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The Relationship between Acute Myocardial Infarction and Mood Disorders

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 كريم ناصر حسين عبد العيساوي
22/09/2019 06:21:01
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Background: Acute myocardial infarction (AMI) acts as an important risk factor for occurrence of depression, which is affect long term morbidity and mortality considering baseline health state in patients with AMI

Objectives: To estimate frequency of depression among patients within first 3 weeks after occurrence of AMI and to evaluate the effect of different demographic factors, biochemical changes, type and site of M.I on its frequency.

Methods: This is a cross sectional study that enrolled 116 patients with AMI who had been admitted to coronary care unite (CCU) at Al-Diwaniya Teaching Hospital during period between 1st of July 2007-31st of October 2008. Only 80 patients were followed. Diagnosis of depression was done according to criteria of structural clinical interview for diagnostic and statistical manual of mental disorder-4- revision (SCID-DSM-4-R).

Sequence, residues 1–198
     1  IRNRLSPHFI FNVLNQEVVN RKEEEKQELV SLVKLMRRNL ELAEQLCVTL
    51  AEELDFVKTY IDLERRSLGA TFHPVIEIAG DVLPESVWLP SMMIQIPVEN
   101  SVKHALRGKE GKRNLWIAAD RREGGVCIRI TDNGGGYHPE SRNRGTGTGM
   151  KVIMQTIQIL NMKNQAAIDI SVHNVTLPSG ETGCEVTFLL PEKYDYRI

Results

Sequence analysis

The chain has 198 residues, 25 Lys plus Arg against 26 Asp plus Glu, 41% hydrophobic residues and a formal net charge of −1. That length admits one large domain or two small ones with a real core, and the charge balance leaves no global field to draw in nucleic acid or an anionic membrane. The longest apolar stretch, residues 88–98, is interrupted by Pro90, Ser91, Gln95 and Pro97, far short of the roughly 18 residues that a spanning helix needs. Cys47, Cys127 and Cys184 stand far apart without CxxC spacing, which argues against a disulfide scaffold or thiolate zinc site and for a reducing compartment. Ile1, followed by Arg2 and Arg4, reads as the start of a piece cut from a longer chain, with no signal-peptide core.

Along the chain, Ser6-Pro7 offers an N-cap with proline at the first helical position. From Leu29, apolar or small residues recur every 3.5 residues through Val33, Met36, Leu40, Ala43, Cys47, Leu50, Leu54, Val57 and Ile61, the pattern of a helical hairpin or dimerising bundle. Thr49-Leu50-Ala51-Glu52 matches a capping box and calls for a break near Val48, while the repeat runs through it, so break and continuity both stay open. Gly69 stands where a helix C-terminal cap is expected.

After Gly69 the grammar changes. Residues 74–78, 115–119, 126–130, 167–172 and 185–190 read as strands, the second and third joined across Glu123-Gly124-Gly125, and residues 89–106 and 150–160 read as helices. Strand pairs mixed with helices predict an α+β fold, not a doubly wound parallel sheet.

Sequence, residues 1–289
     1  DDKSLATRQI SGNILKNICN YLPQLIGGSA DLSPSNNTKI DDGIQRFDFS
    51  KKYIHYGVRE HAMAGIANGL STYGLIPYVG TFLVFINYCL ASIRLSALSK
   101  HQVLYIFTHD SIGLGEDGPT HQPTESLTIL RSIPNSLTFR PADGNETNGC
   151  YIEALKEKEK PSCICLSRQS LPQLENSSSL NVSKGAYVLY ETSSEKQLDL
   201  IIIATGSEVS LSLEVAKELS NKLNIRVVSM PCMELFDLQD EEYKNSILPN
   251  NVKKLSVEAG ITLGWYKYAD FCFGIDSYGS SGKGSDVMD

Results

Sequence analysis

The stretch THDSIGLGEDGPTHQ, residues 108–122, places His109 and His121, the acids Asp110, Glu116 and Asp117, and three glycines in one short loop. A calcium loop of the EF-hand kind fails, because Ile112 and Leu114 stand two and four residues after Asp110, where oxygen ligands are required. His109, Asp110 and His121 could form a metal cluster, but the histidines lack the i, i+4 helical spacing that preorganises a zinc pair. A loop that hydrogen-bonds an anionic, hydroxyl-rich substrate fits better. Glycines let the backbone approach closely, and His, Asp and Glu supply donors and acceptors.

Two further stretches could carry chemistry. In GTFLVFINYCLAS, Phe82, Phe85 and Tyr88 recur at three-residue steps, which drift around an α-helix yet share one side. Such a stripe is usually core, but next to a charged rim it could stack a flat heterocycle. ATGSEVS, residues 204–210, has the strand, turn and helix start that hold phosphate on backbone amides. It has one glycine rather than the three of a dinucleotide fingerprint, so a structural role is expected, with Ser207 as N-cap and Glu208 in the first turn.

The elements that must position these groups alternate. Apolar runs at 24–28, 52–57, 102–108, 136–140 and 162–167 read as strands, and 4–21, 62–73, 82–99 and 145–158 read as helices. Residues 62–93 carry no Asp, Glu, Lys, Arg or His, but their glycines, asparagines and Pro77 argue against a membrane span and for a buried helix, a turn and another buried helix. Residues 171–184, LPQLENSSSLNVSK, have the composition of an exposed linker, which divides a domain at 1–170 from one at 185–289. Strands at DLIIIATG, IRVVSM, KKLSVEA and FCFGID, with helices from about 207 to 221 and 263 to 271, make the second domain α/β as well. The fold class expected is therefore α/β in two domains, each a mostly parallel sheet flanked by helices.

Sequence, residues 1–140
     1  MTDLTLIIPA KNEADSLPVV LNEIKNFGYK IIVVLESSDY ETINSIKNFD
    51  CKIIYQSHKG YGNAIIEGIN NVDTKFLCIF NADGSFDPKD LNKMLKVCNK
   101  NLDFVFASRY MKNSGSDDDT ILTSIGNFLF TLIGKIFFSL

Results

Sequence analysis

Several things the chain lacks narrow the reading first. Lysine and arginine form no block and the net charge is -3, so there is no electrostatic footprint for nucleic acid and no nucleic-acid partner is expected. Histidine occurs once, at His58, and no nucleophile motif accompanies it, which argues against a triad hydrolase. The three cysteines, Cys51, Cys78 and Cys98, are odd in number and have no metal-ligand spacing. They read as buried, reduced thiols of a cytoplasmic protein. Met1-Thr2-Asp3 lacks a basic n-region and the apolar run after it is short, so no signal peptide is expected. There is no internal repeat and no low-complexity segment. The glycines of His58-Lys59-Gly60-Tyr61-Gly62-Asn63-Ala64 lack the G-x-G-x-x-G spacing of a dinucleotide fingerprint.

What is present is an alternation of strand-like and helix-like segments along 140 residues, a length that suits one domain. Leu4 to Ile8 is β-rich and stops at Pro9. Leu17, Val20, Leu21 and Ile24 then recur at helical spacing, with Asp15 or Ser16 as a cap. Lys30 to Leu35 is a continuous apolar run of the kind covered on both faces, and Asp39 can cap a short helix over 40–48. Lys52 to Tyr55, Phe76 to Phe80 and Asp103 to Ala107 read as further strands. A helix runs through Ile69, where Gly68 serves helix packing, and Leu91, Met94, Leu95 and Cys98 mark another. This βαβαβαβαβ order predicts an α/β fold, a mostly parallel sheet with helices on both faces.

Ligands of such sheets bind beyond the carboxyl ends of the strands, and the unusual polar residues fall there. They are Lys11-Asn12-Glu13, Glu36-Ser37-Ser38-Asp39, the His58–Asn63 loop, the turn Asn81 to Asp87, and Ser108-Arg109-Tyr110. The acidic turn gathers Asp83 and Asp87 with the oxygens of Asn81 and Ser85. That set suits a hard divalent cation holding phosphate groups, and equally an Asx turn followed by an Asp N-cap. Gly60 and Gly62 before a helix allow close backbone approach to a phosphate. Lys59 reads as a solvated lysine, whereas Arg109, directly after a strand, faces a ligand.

Results: This study revealed that 22.5% of patients had post-AMI depression. The females constitute 88.89% of depressed group, ? 65year old age were 44.44%, patients with hypertension and hyperlipidemia were 66.67%, diabetic patients were 27.78% and patients had positive history of MI were 33.33%. Patients with ejection fraction (E.F) < 35%, renal failure or insufficiency, chronic obstructive pulmonary disease (COPD) and anterior MI were 22.22%. Patients with non ST elevation myocardial infarction (NSTEMI), peak creatine phosphokinase (CPK) ?500 u/l and current smoker constitute 66.67%, 55.56% and 16.67% respectively.

Conclusions: This study proves that depression after AMI was more common in females and less common in diabetic patients, current smokers and patients with COPD.

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  • Acute myocardial infarction (AMI) acts as an important risk factor for occurrence of depression,